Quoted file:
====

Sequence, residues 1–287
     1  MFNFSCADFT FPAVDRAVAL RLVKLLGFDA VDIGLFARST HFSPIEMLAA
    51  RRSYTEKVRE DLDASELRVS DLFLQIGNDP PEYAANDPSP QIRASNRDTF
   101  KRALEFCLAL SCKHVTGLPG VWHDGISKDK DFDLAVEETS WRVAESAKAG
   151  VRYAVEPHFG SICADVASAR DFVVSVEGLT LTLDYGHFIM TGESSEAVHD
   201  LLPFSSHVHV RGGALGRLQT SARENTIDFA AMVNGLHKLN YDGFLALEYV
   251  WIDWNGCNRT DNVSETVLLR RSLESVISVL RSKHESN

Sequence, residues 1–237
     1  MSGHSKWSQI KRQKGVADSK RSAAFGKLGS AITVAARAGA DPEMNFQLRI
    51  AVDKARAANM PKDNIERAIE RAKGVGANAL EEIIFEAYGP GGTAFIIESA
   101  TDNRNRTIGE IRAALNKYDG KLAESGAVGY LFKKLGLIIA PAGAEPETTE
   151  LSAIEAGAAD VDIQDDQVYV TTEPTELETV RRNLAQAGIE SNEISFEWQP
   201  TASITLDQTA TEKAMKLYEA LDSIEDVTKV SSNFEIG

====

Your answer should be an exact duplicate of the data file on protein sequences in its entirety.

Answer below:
Sequence, residues 1–287
     1  MFNFSCADFT FPAVDRAVAL RLVKLLGFDA VDIGLFARST HFSPIEMLAA
    51  RRSYTEKVRE DLDASELRVS DLFLQIGNDP PEYAANDPSP QIRASNRDTF
   101  KRALEFCLAL SCKHVTGLPG VWHDGISKDK DFDLAVEETS WRVAESAKAG
   151  VRYAVEPHFG SICADVASAR DFVVSVEGLT LTLDYGHFIM TGESSEAVHD
   201  LLPFSSHVHV RGGALGRLQT SARENTIDFA AMVNGLHKLN YDGFLALEYV
   251  WIDWNGCNRT DNVSETVLLR RSLESVISVL RSKHESN

Sequence, residues 1–237
     1  MSGHSKWSQI KRQKGVADSK RSAAFGKLGS AITVAARAGA DPEMNFQLRI
    51  AVDKARAANM PKDNIERAIE RAKGVGANAL EEIIFEAYGP GGTAFIIESA
   101  TDNRNRTIGE IRAALNKYDG KLAESGAVGY LFKKLGLIIA PAGAEPETTE
   151  LSAIEAGAAD VDIQDDQVYV TTEPTELETV RRNLAQAGIE SNEISFEWQP
   201  TASITLDQTA TEKAMKLYEA LDSIEDVTKV SSNFEIG